This result meant that Sunday’s match had the Royal Navy, with Cosby (also playing his first tournament) replacing Fawcett, facing a -3 goal RAF team.  In the first chukka, the Crabs really grasped the importance of tying up Suzuki which allowed their well practiced team to score.  The Navy found more aggression in the second chukka but failed to turn quickly enough on Suzuki’s backhands which gave the Crabs the upper hand allowing them to find the posts again, leaving them in the lead 2 – 0 at the end of the chukka.  After a half time team talk, the Navy came out revitalized and determined not to allow the Junior Service to be victorious.  Hitting hard from the line-out, the RN played well and Phillips scored midway through the third chukka, boosting team morale.  Good Navy marking allowed Suzuki to make a great run three quarters of the field and a score an excellent goal which evened the tally at the end of the third chukka.  In the final chukka Suzuki scored once again to put the Navy into the lead and when the RAF gave away a penalty in the last two minutes, the game seemed to be over.  Unfortunately Cosby’s shot went wide but, despite Suzuki losing his stick and playing the last moments without one, the Navy held on to beat the RAF 3-2, to come 3rd out of 17 teams.

The final tournament of the month took place the following weekend when the RN met the RAF for the Duke of York cup.  Aplin and Suzuki were joined by Lustman and Corbett to face a competent and balanced RAF team of Air Cdre Tim Brown, Wing Commander Martin Adcock and Flight Lieutenants Vicky Woodhead and Richard Williams.  Starting with 1½ goals on handicap, the RAF were quick to attack but confident defending by Aplin soon turned the play into a Navy assault which culminated in Suzuki opening the RN tally.  The Navy were then unlucky not to score on 2 further occasions but converted a penalty before the end of the chukka  to take the lead 2 – 1½.  Maintaining the pressure in the second chukka, the RN scored 3 further goals (2 penalties and a field goal) but the RAF also converted a penalty to put the score at 5 – 2½ at half time.  In the second half the Navy continued to dominate although the RAF defended bravely.  An excellent backhand pass by Lustman had Suzuki scoring the 6th RN goal as the chukka ended.  The RAF fought back in the final chukka to gain their second goal but Suzuki scored once again to give the Navy a convincing win 7 – 3½ at the final whistle.  Corbett, in his first formal fixture for the RN, played particularly well.

On Monday the 29th August the Adjutant General’s Corps held their annual charity day, with the RN represented by the -4 goal team of Aplin, Spiller, Phillips and Rourke (in his first appearance for the RN).  The first of two 2-chukka matches was against the AGC, who started with ½ a goal on the scoreboard.  The RN were quick to settle in to structured team play with appropriate man-marking and timely turning on the ball.  In the first few minutes, a nice back-hand from Aplin allowed Phillips to find the posts and put the RN ahead.  Scrappy play on the back line allowed the AGC a penalty but they were unable to score and when another penalty went our way, Aplin proved his accuracy to add a second goal to the RN’s total.  In the second and final chukka, a clean neck shot from Spiller and two more off-side forehands from Aplin left the score at 5 – ½ and the RN were placed to meet the Air Force in the final.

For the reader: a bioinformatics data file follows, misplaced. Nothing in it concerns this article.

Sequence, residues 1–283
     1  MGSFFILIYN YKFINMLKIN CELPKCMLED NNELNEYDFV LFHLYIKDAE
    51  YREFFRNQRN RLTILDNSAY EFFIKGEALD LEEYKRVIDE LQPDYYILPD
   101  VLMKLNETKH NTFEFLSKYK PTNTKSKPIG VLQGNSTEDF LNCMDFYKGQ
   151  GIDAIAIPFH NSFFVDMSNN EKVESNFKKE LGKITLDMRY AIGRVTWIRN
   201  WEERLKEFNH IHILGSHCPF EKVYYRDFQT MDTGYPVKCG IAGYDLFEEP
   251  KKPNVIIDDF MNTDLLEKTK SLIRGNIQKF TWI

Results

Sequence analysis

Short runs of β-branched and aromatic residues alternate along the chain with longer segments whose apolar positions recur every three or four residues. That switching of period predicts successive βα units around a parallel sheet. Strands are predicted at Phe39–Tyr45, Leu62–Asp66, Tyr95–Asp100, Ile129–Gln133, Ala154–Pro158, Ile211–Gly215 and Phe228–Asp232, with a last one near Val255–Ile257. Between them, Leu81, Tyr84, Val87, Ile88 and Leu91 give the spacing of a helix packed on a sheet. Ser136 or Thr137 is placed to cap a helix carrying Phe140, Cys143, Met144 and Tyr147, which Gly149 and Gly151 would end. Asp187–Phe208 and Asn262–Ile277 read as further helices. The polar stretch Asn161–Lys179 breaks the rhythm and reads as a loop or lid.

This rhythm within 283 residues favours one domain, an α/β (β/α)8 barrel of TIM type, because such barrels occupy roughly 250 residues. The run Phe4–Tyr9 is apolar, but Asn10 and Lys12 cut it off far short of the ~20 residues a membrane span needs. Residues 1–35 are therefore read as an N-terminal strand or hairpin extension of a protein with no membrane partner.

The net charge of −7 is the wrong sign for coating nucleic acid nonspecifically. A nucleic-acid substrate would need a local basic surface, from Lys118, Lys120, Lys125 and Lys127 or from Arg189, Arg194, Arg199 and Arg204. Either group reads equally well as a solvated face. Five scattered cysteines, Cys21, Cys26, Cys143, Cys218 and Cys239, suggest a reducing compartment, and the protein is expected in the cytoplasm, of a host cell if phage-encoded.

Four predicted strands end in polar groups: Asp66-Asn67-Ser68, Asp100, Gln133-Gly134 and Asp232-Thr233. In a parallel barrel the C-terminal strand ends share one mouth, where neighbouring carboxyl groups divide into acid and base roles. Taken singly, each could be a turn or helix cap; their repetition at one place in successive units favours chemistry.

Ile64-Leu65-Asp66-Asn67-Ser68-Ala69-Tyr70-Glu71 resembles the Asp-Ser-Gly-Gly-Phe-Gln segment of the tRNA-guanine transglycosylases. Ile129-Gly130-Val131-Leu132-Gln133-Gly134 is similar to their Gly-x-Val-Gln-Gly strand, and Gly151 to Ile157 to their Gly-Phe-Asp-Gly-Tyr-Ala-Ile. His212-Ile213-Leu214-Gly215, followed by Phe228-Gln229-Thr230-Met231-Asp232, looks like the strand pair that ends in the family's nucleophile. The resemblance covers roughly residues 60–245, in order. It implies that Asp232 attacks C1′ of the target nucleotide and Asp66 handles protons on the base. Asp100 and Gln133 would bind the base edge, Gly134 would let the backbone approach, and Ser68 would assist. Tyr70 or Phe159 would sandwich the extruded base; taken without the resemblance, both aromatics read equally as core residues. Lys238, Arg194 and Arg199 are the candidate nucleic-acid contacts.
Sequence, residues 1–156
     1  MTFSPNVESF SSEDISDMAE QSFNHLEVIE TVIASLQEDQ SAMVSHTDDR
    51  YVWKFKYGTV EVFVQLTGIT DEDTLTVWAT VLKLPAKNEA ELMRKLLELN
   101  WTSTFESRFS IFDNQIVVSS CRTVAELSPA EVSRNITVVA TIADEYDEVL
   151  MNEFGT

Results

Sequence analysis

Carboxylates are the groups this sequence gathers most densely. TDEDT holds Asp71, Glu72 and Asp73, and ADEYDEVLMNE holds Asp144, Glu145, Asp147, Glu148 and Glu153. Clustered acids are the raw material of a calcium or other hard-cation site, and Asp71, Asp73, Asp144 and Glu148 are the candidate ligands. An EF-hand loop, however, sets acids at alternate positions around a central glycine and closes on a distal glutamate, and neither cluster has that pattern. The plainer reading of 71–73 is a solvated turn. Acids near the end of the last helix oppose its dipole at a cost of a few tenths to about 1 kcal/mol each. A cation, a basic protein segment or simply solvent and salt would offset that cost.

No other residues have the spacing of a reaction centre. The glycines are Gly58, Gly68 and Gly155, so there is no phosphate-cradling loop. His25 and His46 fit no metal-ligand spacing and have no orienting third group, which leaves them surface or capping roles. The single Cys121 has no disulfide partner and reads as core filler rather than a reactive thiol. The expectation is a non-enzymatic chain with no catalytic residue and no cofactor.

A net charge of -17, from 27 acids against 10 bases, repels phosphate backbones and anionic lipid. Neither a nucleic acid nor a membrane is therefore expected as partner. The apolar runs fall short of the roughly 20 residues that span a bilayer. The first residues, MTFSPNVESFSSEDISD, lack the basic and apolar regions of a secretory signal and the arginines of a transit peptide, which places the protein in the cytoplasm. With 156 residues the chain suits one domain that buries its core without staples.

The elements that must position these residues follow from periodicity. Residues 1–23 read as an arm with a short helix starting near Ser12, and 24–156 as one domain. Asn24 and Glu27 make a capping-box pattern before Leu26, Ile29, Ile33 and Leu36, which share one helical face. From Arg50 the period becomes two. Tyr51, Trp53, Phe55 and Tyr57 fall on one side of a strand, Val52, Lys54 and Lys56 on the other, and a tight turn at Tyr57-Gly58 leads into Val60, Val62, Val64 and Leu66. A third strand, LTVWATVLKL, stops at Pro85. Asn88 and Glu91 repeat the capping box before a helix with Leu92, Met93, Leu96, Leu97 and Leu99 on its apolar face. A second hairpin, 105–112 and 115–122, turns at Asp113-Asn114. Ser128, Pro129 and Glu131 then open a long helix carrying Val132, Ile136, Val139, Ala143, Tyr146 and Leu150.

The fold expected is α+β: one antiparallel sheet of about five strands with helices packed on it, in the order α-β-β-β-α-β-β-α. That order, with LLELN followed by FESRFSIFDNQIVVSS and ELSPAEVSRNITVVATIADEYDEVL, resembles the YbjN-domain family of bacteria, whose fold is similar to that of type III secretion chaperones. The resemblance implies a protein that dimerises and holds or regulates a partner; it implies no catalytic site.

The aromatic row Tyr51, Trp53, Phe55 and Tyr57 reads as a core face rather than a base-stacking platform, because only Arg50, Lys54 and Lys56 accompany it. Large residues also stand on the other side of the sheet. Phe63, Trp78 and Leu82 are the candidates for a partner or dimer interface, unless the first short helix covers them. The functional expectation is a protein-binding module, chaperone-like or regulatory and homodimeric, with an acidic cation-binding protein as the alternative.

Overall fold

The equally handicapped RAF team (which included Brown and Adcock) were looking to get back at the RN after a season of defeats.  The match started hard and fast with Spiller and Phillips marking the RAF’s 0 – goalers to free up Rourke and Aplin to make the attacks.  The first goal came from a 30 yard penalty, easily converted by Aplin and a second nearly came from a nice run by Rourke, only to be denied by an opponents stick at the 30 yard line.  In the second chukka, quick turning by Phillips and good backing-up by the rest of the team allowed Aplin to finish the attack and add another to the score.  In the dying minutes

Spiller scored what was arguably the goal of the season with a 45 degree, under the tail, offside backhand, leaving the Air Force licking their wounds with a 3 – 0 victory for the RN.  Thanks must also go to Aplin for picking up all of the day’s RN umpiring commitments and congratulations to Rourke who, in his first ever match, showed great promise for the future.